Determining Phage Titer

Phage Titering is a procedure used to quantify the density of plaque-forming units (PFU, analogous to a bacterial cultures colony-forming units) in a given lysate. To achieve this, the researcher performing the experiment exposes exponentially growing bacteria to the bacteriophage of interest before allowing the bacteriophages to propagate overnight.


  • Phage lysate or freezer stock
  • Top Agar (LB-Miller + 0.8% agar)
  • LB-MIller (for diluting phage)
  • LB-Agar plates (with antibiotic if appropriate)
  • Small test tubes
  • Heat block @ 60C that can hold individual small test tubes
  • Exponentially growing host cells
    • Use exponential phase cells of a sensitive E. coli host strain prepared as described in the Phage Lysate Protocol.


  1. Microwave flask of Top Agar to melt. Be sure to loosen the cap! For 250 ml of top agar ~15 min at power level 2 works well without any danger of boiling over.
  2. Allow agar to cool until handleable, then prepare 4 ml aliquots in small test tubes for as many samples as you will be handling. Place tubes in a heat block or water bath set at 60C.
  3. Prepare dilutions of the phage stock in LB-Miller. Typically a dilution series from 100; to 1010 in 102 increments will give one plate with a countable number of plaques. These dilutions can be easily prepared by making 1.7 ml Eppendorf tubes with 990 l LB and transferring 10 l from the higher stock, mixing, and transferring to the next sample.
  4. Combine 100 l of exponentially growing host cells and 100 l of phage dilution in a fresh Eppendorf.
  5. Optional: Incubate unshaken at 37C for 30 minutes.
  6. Add each sample to a top agar aliquot. Quickly but thoroughly mix by vortexing. You can vortex at full speed so the whirlpool reaches the bottom of the tube without it spilling out of the top. Pour the entire contents of test tube on top of an LB plate and rapidly rotate the plate around so that the agar covers the entire surface evenly before it cools.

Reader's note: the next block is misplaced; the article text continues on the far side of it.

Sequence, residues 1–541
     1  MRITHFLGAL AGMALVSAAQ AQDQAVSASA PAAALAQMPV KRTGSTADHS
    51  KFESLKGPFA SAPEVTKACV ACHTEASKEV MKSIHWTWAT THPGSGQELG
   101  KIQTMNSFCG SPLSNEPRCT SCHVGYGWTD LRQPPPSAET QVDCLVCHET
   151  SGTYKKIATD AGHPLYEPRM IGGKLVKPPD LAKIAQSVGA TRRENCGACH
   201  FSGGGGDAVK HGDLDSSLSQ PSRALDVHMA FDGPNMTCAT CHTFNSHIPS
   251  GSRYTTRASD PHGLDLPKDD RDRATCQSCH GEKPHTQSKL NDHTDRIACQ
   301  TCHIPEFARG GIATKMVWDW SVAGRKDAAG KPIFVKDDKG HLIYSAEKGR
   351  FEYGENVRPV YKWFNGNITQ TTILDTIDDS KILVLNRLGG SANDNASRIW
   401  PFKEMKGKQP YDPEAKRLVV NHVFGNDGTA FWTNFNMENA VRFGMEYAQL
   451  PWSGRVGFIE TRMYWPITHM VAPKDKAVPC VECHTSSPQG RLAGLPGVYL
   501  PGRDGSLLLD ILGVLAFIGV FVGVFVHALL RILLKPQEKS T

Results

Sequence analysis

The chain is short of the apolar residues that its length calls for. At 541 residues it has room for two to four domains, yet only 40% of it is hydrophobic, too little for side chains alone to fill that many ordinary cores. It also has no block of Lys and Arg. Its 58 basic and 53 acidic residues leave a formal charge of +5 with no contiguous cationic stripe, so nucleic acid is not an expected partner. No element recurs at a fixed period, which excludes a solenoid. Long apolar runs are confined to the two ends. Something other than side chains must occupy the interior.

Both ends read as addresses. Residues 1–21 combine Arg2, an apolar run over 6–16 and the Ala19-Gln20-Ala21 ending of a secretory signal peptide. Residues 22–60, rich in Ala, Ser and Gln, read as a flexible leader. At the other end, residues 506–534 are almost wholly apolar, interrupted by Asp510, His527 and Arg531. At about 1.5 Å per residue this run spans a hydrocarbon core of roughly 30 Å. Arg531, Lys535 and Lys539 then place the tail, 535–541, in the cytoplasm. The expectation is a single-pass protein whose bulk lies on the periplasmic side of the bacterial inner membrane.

7. Let the plates cool ~15-30 minutes at room temperature and then transfer to an incubator at 30C or 37C.

Expected Results

T6-plaques-1E6.png Phage T6 plaques after overnight growth at 37C of a 106 dilution of lysate. Plaques for most E. coli T-even phages resemble these. They reach a maximum size and then stop spreading. Notice that the top agar was not spread to all places on top of this plate.
T7-plaques-1E4.png Phage T7 plaques after overnight growth at 37C of a 104 dilution of a freezer stock. T7 plaques continue to grow. Incubate the plates at 30C if you want to slow plaque growth.
T7-plaques-1E2.png Phage T7 plaques after overnight growth at 37C of a 102 dilution of a freezer stock. The phage has lysed all bacteria in this plate. The remaining colonies (small if they are embedded in the top agar and large if they reach the surface) are derived from mutant bacterial cells that have become resistant to the phage.


  • Top-agar layer is grainy or clumpy.
    It likely cooled too much before you added phage+cells and poured it.

Example of Calculating Phage Titer

The final PFU count for each plate is n 10 d PFU/ml, where n is the number of plaques observed and d is the value from the dilution series. This is derived from the use of 0.1 ml of the phage stock to set up the initial dilutions. As an example, n=25 plaques on the d=106 dilution plate would represent 2.5108 PFU/ml in the original lysis.

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Topic revision: r6 - 2020-12-03 - 21:39:27 - Main.CameronRoots
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